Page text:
Class of 83 - Engaging and entertaining despite the lack of emotional connect!
Set in the early 80s, 'Class of 83' is basically a good vs evil battle. A senior police officer who is unable to fight the powerful politician - gangster nexus inspires a handful of rookie cops to get his job done by having them play against the rules. The film begins with these cops undergoing their training at the police academy where the Dean (Vijay Singh) is conspicuous by his absence. There is so much talk about him but these young cops hardly get to see him that they even begin to wonder if he is just an imaginary character that was created to keep them in check!
The film does a lot of things right. While the protagonists resort to extra judicial killings to get rid of gangsters, the film also shows the repercussions of such power in the hands of cops. The police in the film who carry out these encounters aren't shown as morally upright men who can never be corrupted. In fact, right through the film these young men always have their own agenda, personal interests and ego which drives them to do whatever they end up doing.But when the film tries to sum everything as a whole by saying that to maintain order we sometimes have to break the law, it does enter a dicey zone. More so here because the characters from the film itself raise enough caution as to why this could be dangerous!
Visually the film is top notch and the technical team has done a superb job. At its core, the film is basically a revenge drama that we are used to in the masala universe but the narrative style, the dark tone and the underplaying of emotions ensure that we always seem to be watching a gritty thriller about how the system operates. While underplaying or to be more precise, by devoting very less time to the emotional angle, the conflict between Vijay Singh (Bobby Deol) and Kalsekar(the gangster) is hardly explored. Is revenge the motive or is this how Vijay Singh would have hunted every other gangster and we are just witnessing one episode from a police officer's life? Again, the revenge angle in itself isn't a very convincing one simply because from whatever we are shown in the film, Vijay's loss or guilt has to do something with his own decision rather than what Kalsekar did to him. In fact, we don't really know if the latter even harmed Vijay personally at any point in his life.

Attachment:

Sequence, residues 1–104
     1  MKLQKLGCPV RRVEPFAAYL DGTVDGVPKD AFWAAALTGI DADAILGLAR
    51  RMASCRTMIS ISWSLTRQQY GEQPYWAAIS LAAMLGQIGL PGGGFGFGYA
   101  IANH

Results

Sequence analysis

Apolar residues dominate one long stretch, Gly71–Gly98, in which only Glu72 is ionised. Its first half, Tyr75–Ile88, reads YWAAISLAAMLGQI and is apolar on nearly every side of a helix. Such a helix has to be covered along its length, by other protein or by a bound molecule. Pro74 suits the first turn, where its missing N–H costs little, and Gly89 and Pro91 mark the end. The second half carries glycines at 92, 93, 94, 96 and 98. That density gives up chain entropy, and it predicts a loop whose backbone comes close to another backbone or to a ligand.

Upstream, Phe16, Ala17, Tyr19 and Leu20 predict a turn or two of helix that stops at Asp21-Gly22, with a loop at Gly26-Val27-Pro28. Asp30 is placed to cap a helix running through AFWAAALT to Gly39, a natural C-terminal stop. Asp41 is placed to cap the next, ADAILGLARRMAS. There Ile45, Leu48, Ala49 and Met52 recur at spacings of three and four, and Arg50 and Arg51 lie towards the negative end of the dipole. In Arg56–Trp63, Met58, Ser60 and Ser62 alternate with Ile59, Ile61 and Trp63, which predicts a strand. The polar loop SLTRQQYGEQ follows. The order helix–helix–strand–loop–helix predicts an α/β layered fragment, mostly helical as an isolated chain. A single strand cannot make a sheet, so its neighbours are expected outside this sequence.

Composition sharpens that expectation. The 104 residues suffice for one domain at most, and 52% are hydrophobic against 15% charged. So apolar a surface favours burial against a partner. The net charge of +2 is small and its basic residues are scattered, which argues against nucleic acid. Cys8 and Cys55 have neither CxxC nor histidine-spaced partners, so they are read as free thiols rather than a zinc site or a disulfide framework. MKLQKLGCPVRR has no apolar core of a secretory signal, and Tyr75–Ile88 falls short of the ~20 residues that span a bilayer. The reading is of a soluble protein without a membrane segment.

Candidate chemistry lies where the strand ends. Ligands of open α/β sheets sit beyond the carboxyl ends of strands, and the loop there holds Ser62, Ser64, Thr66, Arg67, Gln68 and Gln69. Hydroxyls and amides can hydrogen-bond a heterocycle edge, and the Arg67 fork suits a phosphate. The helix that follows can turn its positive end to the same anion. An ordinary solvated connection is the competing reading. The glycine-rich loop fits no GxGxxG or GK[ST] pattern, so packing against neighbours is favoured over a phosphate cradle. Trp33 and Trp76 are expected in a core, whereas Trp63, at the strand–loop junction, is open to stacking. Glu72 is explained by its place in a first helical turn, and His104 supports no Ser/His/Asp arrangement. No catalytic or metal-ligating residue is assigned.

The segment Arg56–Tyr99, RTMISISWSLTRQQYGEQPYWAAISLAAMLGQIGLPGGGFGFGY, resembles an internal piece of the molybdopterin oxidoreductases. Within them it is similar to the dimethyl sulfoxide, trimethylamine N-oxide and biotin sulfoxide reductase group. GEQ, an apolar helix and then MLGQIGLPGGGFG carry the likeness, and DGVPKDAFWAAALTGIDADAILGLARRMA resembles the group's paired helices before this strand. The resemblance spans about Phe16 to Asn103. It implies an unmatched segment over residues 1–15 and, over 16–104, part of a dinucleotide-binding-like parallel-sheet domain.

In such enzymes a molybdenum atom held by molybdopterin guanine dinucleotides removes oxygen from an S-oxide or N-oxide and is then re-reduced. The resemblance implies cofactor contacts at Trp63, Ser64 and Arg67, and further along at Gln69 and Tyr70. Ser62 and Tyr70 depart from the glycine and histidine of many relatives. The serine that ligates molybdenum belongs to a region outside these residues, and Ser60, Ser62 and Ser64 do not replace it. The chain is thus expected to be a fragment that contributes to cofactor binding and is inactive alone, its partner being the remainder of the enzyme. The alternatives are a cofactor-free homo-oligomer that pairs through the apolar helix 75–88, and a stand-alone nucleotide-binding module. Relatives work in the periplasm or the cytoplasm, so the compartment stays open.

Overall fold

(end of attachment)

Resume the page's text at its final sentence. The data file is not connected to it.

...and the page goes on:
Bobbly Deol might take the top billing but the film for the most part is about the five rookie cops and the actors playing them are very good. While in general they might be impulsive, each of them is given a character trait and the conflicts arising out of their different ideologies can probably make for a more absorbing film. Bobby Deol is convincing whenever he speaks to these cops in a tone that would imply that he has seen it all and is the boss of his business. But the brooding look he wears throughout raises mixed emotions and one reason is probably because we never really the feel the gravity of his loss. The dialogues work at times and are silly at times. I had a hearty laugh in a scene where a cop is being told about the importance of keeping his uniform blemish free, even has he is using a file to hide stains from his unfinished self-pleasuring session. But then there is also a scene where two characters are defining about their attitudes being positive and negative in relation to their blood groups. Maybe it is a 80s joke!
Class of 83 is entertaining despite the lack of emotional connect. Maybe that is what it aspired to be but it keeps making half hearted attempts to bring in an emotional arc. It probably might have worked better without the personal angle or maybe even by exploring the emotional angle and conflicts in more detail. But given the length of the film which is just 98 minutes, I guess this is the film they intended to make and it definitely is crisp and entertaining!